Companies, educational institutions, and government agencies quickly employed virtual conferencing technologies. They quickly learned and unlearned how to meet, share, and manage in different ways, developing skillsets anticipated to take 20-40 years for full adoption prep-pandemic.
The next and subsequent “normal,” vis-a-vis organizational and individual behaviors, will be heavily influenced by 2020 as better and best practices emerge from innovation and devastation. Specifically, in human capital management, an increased need for trusted, transnational vetting of personal data, such as COVID-19 vaccination records, will be high on that list, as employers cannot afford to engage on-site workers without precautions. Nor can the procedures for vetting, hiring, and managing remote workers return to less efficient methods.
New applications involving decentralized recordkeeping and personal data ownership will shift paradigms across the recruitment and retention lifecycle. HR professionals, the guardians of these data and the processes that manage them, will require equally important investment in their continuing education, especially concerning emerging best practices.
While the pandemic response is significant to all, HR plays a crucial role in personal data privacy. IHRIM believes building a sustainable infrastructure to implement the World Economic Forum’s Presidio Principles globally is achievable for all companies and their digital assets, especially involving verified identification and transaction validation that assures personal data ownership and control. HR professionals and their employers can expect IHRIM to retain its leading role in delivering HR-Tech continuing education.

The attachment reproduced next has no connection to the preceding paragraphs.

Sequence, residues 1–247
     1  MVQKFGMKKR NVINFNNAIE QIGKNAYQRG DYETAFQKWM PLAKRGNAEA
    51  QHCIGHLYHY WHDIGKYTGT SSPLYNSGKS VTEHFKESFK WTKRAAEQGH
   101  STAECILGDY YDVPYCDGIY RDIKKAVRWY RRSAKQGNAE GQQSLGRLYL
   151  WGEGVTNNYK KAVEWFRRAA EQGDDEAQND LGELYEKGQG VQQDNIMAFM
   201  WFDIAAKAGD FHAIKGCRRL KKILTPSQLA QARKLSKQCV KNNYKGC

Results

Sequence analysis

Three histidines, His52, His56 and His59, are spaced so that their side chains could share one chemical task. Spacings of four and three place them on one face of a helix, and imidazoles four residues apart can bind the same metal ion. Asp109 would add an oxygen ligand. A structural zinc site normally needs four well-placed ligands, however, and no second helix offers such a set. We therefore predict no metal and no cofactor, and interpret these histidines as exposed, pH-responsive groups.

Moreover, in subsequent articles, the authors will endeavour to present a panoramic summary of global regulation on data ownership and privacy, including the foundation for individual data ownership outlined in the Presidio Principles and recent legislative changes that enforce the ideal of data as personal property.
References for Further Information
Berkley, Seth. “COVAX Explained.” Gavi, the Vaccine Alliance, 3 Sept. 2020, www.gavi.org/vaccineswork/covax-explained.
Microsoft Office Team. “The Future of Video Conferencing.” Microsoft 365 Blog, 13 May 2020, www.microsoft.com/en-us/microsoft-365/blog/2016/06/14/the-future-of-video-conferencing/.
WEF Staff. “Presidio Principles Foundational Values for a Decentralized Future.” World Economic Forum, World Economic Forum, 2020, www3.weforum.org/docs/WEF_Presidio_Principles_2020.pdf.
About the Authors
Dennis Hill, PhD is a member-at-large on the Board of Directors for IHRIM (USA) and the inaugural chair of Consortium DeHR, cofounded with John Macy, Managing Director of Competitive Edge Technology Pty Ltd. (AUS). The authors may be reached at Information@DeHR.org.